Karl Bushby Questions His Decision to Walk Around the World
A new documentary from National Geographic chronicles a British man's cross-country march from L.A. to D.C. to appeal his visa ban at the Russian Embassy and hopefully continue his hike across the world.
Having hiked more than 18,000 miles over 15 years on a mission to circumnavigate the globe on foot, 46-year-old Karl Bushby was approached in 2013 by a pair of filmmakers with a crazy proposal: walk 3,600 miles in the wrong direction.
At the time, exactly halfway to his 36,000-mile goal, Bushby’s trek had come to an abrupt and disheartening halt in eastern Siberia. Authorities there had banned his visa after he mistakenly wandered into an off-limits security zone. “The question of why is not easy,” Bushby says, reflecting on his decision to walk around the world. Naturally inclined to explore as a child, Bushby’s time serving as a British paratrooper ultimately gave him the confidence and motivation to undertake such a tremendous journey. In 1995, Bushby’s marriage fell apart, and his wife moved with their five-year-old son to Northern Ireland, where British servicemen were strictly forbidden. Three years later, Bushby was striking north from southern Chile with intentions to walk all the way back to his hometown of Hull, England.
With the ban in place, Bushby would not be able to continue his journey home until 2018. While in limbo in Mexico, Bushby was approached by Beau Williams and Jordan Tappis, founders of Westward Productions, with an idea to walk across the continental U.S., from Los Angeles to the Russian Embassy in Washington, D.C., where he could appeal his visa ban in person. And they wanted him to film the entire ordeal.
“It wasn’t my idea,” Bushby told me last week. “My immediate reaction was a kind of vomit reflex because it was such a ludicrous and stupid idea.”
Bushby’s acquiescence, and the ensuing 12-month journey across the U.S., is the subject of a new documentary, The Walk Around the World, which aired Friday night on the National Geographic Channel. The filmmakers equipped Bushby with an array of cameras and just enough money to make the trip. Through daily video diaries and retrospective narration from Bushby, the documentary portrays a man who, beset by a sense of futility while confronting a faceless bureaucracy, attempts to regain control of his life by embarking on a life-changing journey. We see Bushby grappling at every turn—at first by schlepping 20 miles a day with his handmade push-cart and, later, in confronting a string of personal hardships. Whether the journey is more restorative or more harmful is up for debate.
The seeming impossibility of gaining leniency from the Russian Embassy hangs like a cloud over the U.S. trek. Karl was told time and again that no one had ever seen a visa ban like his overturned, and there was a real possibility that the Russian government wouldn’t issue him a visa even after the five-year ban expired. “This is an absolute waste of time and money,” said Bushby, recalling how he felt at the beginning of the U.S. walk. “I can’t imagine anything changing their minds.”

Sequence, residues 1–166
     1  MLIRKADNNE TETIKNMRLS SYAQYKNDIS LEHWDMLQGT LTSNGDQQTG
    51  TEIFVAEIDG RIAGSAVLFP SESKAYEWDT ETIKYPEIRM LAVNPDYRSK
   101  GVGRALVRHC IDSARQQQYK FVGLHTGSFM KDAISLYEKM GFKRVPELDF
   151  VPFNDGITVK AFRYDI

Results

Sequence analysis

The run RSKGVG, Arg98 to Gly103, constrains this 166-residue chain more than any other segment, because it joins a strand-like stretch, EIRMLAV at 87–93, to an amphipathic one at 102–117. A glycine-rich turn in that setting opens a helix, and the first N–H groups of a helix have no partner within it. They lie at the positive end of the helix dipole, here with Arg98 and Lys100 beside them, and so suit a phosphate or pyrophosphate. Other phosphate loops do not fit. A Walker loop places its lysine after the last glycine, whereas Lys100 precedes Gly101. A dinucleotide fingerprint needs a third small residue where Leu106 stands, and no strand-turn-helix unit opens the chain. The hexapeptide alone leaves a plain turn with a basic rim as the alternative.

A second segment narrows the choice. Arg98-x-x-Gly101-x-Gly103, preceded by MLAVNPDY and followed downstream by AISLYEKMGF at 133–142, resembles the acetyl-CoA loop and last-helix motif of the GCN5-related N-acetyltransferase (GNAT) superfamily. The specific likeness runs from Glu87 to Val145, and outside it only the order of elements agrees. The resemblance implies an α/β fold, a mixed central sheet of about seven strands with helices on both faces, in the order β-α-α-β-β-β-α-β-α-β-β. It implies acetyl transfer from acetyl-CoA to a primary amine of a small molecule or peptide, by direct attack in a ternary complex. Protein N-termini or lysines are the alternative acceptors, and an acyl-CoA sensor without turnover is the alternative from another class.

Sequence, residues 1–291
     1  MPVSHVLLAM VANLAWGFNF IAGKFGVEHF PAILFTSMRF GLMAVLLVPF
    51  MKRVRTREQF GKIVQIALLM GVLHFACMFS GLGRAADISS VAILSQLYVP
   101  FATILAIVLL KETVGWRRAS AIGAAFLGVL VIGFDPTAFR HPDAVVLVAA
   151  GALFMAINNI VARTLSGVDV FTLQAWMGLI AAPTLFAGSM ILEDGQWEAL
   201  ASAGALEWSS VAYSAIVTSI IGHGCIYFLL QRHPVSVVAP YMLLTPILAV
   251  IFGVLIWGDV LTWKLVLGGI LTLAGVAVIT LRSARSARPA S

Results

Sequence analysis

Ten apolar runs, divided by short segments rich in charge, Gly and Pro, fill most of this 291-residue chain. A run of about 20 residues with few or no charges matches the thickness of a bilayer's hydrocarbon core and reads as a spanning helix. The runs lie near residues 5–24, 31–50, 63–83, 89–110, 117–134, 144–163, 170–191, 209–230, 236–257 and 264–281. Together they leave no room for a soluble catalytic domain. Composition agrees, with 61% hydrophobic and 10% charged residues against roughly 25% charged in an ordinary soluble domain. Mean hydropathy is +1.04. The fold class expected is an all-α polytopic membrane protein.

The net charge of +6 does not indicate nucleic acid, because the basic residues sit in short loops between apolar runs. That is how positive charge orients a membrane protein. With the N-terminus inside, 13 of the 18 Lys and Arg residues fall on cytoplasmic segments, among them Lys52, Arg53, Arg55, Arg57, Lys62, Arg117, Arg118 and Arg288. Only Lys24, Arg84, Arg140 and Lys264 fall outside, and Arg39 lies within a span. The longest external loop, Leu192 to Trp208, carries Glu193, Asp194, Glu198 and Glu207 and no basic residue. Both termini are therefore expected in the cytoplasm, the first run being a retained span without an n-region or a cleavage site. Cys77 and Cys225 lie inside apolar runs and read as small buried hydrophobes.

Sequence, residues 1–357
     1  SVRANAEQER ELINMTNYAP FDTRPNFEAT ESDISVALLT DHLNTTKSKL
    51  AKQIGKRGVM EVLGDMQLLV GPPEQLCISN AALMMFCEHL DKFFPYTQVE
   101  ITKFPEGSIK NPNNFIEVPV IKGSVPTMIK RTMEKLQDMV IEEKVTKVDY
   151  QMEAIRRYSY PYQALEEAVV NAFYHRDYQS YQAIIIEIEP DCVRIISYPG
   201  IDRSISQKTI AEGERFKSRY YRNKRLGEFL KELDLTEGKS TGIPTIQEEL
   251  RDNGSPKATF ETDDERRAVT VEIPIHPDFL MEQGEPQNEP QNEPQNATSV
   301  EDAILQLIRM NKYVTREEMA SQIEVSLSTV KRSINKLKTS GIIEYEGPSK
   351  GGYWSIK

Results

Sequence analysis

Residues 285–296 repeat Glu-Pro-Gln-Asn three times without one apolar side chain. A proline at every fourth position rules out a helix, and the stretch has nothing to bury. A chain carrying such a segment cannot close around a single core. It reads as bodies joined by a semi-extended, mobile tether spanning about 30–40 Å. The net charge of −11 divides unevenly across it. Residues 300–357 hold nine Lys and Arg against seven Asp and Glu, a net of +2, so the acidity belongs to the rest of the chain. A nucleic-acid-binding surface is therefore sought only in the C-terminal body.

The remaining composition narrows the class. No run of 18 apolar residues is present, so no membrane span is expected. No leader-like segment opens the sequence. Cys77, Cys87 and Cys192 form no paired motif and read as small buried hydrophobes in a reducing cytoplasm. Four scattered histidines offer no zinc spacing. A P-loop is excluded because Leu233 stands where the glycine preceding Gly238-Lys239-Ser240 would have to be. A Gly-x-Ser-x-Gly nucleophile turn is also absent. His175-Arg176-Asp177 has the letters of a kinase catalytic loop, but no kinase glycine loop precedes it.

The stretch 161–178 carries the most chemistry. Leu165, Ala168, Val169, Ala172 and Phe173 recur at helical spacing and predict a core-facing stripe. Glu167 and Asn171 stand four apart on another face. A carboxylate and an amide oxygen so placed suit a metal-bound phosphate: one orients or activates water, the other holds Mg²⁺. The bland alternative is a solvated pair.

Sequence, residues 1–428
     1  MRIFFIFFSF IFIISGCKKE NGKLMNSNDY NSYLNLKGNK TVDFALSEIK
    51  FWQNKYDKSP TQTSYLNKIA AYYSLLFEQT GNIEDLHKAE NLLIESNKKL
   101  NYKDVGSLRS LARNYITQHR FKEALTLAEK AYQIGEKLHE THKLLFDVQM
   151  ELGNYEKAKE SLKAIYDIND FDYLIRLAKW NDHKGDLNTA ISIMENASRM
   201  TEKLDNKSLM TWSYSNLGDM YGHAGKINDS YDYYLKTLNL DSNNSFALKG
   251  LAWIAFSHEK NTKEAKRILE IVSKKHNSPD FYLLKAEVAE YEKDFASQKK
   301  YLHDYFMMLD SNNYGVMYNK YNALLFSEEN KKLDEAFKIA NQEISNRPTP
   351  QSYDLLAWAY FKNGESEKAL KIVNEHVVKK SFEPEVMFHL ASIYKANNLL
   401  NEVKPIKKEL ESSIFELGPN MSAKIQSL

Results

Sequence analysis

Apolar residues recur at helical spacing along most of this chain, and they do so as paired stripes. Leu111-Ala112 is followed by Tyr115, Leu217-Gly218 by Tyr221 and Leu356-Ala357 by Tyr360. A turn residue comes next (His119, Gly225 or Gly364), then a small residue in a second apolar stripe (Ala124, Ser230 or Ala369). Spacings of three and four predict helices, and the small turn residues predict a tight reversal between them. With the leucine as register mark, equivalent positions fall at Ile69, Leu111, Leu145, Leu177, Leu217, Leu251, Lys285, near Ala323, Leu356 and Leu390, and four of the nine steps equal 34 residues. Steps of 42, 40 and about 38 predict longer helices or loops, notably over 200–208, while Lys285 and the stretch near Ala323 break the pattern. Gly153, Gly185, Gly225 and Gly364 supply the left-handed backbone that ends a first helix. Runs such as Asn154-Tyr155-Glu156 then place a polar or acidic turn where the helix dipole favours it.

But he pushes on regardless and, having dedicated an entire third of his life to the walk across the world, Bushby can’t accept quitting. “Quite frankly, it would be harder to actually stop,” Bushby says in the film.
In the background is Bushby’s strained relationship with his then-24-year-old son, Adam, whose childhood Bushby was largely absent for, and who, at the time of filming, is a soon-to-be father himself. Adam joins his father for a two-week leg of the journey; the men trudge along the highway, camp in the woods, seeing one another as individuals. “We never had a chance to bond like that,” Bushby told me. “It was amazing.”
In the spring of 2014, as Bushby neared the final leg of his U.S. trek, rising tensions between the Western World and the Russian Government over the annexation of Crimea doused the likelihood of Bushby regaining access to Russia. Just when it seems the journey is without hope, an article about Bushby in the Washington Post breathes new life into the mission. Tappis gets a response from the Russian Embassy to his hitherto ignored emails, encouraging Bushby to reapply for a visa. But on October 23, when Bushby receives a new visa, he is far from ecstatic.
“I’ve been moving my pieces in anticipation that I would be spending the next three years static,” Bushby says in the film. “The three years [would] give me a chance to sort out some personal crap that really needed sorting out. Everyone’s put so much time and effort into this, I just feel incredibly guilty not wanting it almost as much as everyone else.”
Currently in Berlin, Bushby has resumed his global trek, spending the last two and a half months walking across Russia. Only allowed to stay in Russia for 90 days at a time due to visa restrictions, he is currently looking for a summer route through Siberia. “Failing that, we’ll probably end up going back next spring.”
By the end of his next leg, Bushby hopes to reach the Road of Bones, a milestone that will mark the end of the Arctic, and the beginning of continuous paved roads all the way home to England.